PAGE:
Behaviour problems are not easy to solve and require a lot of information that you as the owner will need to supply, as your pet cannot tell us. So part of the consultation process involves filling out a questionnaire. The consultation will also be longer generally taking an hour for the initial consultation.  Video footage or sound recordings can be especially useful to help us assess behaviour issues.

Treatments are generally not a quick fix, but will take time and dedication. However with the right training tools and in some cases medication both you and your pet will once again enjoy your life together.

Here are some tips and hints to provide some basic information:



General Practice

Each time your pet comes to see us at WCVH he or she has an examination. It might be as simple as a wound check after surgery or may be a full physical exam if your pet is unwell or in for vaccination.

For a full exam we usually start at the nose and work back examining the mouth for any problems such as ulcers of the lips or gums, dental disease such as dental tartar and check that the gums are nice and pink (the gums can be pale with anaemia). Next we check the eyes to make sure the eyelids are normal and there are no inward growing lashes or growths on the eyelids, we make sure the cornea (the surface of the eye) is normal and that the iris (the coloured part of the eye) is normal. Occasionally dark brown-pigmented spots can appear on the iris and these can be age related or indicate a possible melanoma. We also check the lens of the eye to see if this is developing a cataract (cloudiness). Sometimes we use the opthalmoscope to examine the retina of the eye. Then it is on to the ears, we check that there are no crusts or scabs on the pinna (the ear flap) as sometimes flies can bite the ears causing sores and then we check inside the ear for any discharge. Often we use the otoscope to look down the ear canal to the ear drum, especially if the ear has a discharge or we suspect a grass seed is trapped in the ear canal.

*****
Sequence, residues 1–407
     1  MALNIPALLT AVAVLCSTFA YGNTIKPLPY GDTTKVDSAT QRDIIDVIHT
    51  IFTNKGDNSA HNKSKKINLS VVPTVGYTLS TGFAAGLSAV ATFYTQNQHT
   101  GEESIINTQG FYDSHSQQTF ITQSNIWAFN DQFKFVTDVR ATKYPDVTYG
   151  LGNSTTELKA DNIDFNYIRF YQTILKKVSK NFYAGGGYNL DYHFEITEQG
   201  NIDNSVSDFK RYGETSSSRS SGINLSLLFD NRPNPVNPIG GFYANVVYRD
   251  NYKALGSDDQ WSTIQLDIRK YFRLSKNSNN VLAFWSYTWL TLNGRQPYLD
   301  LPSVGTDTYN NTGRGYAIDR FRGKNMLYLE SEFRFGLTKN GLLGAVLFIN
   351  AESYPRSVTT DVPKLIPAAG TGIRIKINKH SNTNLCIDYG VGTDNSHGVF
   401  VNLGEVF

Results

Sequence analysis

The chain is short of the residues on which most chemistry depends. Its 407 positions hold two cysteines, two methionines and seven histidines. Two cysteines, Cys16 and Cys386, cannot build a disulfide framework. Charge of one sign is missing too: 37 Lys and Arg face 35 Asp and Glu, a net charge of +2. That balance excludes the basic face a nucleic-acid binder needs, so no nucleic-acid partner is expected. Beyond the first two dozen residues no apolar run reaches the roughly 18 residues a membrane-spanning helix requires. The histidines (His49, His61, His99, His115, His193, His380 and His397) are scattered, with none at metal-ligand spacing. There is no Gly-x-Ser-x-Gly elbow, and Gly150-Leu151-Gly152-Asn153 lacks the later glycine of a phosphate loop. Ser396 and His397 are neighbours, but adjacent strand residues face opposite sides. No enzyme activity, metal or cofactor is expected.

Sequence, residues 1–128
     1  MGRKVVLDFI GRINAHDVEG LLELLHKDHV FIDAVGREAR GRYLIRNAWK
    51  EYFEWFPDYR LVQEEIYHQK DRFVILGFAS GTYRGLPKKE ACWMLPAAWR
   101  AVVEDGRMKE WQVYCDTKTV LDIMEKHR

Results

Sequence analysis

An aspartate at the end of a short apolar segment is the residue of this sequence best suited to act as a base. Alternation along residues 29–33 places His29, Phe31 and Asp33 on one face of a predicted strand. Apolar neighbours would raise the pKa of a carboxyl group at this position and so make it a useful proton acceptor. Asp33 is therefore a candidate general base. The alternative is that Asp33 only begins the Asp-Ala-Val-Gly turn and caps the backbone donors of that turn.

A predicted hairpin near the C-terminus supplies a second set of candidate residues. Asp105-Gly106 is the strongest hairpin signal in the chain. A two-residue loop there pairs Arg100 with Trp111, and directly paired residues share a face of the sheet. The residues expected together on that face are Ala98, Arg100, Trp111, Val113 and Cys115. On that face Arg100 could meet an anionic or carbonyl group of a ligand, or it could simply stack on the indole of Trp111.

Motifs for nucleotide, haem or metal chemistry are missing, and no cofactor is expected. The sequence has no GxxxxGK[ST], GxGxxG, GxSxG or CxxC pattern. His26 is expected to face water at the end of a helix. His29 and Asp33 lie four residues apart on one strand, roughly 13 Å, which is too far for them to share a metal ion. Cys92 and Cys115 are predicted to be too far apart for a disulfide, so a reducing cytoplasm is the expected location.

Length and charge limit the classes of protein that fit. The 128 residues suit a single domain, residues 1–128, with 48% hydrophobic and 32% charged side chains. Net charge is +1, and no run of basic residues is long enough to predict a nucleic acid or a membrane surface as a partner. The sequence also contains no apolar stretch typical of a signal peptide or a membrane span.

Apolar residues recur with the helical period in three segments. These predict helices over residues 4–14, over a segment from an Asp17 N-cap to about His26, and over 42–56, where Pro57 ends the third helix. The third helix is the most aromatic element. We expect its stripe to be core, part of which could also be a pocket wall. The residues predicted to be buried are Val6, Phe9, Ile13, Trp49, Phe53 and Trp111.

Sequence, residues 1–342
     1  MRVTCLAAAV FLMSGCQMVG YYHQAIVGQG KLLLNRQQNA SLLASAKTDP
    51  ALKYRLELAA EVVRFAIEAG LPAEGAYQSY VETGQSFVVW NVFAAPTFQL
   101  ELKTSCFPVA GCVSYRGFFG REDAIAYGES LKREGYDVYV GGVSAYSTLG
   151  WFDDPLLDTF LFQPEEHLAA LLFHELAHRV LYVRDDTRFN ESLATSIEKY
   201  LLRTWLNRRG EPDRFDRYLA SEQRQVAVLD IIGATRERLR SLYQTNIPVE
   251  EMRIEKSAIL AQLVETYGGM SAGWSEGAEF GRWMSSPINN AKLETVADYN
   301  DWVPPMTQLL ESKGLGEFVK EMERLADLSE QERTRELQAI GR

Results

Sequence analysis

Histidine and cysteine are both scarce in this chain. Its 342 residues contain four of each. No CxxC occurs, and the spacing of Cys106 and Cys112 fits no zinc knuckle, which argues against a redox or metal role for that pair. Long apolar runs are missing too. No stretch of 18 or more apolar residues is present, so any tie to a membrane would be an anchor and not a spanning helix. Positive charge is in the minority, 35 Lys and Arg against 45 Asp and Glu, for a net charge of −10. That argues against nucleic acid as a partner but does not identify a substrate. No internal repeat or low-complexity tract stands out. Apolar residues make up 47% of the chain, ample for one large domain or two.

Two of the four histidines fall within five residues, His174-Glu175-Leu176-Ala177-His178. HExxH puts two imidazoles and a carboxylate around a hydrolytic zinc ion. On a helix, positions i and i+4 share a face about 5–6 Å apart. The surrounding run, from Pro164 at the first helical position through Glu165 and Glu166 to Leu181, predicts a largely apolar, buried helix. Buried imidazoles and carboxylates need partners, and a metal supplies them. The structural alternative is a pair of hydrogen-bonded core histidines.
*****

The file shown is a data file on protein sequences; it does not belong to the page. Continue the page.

Having completed the exam of the head we move on to the chest and listen to the heart and lungs with a stethoscope. We check that the heart rate is normal and there are no heart murmurs (caused by leaky heart valves) present.

If this is all normal we move on to the abdomen where we carefully palpate the internal organs such as the liver, kidneys, spleen and bladder as well as the intestines. An enlarged organ can indicate inflammation or a tumour. Sometimes organs feel small or irregular indicating disease and the need for some tests. Then we check your pet’s temperature with a rectal thermometer. At this point if there are any kids in the room the giggles usually start happening. 

Finally we feel all of the lymph nodes situated under the jaw, the shoulders, and inguinal area and at the back of the stifle (knee) and examine the skin for evidence of fleas or infection and we also feel for any lumps or bumps. If we find any growths we often take a sample using a fine needle to assess if the lump is of concern or can be left without further investigation. We also palpate the muscles of the body to check for any swelling or loss of muscle or any unevenness of muscle from one side to the other.

If your pet has a problem with a limp or seems to be sore we do a much more thorough exam of the legs, back and neck to try to locate the source of the discomfort, although quite often the excitement of coming to the vet and the unfamiliar surroundings suddenly makes them very brave and it is much harder to locate the problem area.

During a routine health check we also make sure that all the relevant routine preventative medications such as worming, heartworm, flea control and vaccinations are all up to date and that your pet’s weight is healthy. Like humans pets these days are often overweight and can suffer similar health problems to humans as a result.

The examination is also the perfect time to raise and concerns or questions you have about your pet’s health or behaviour.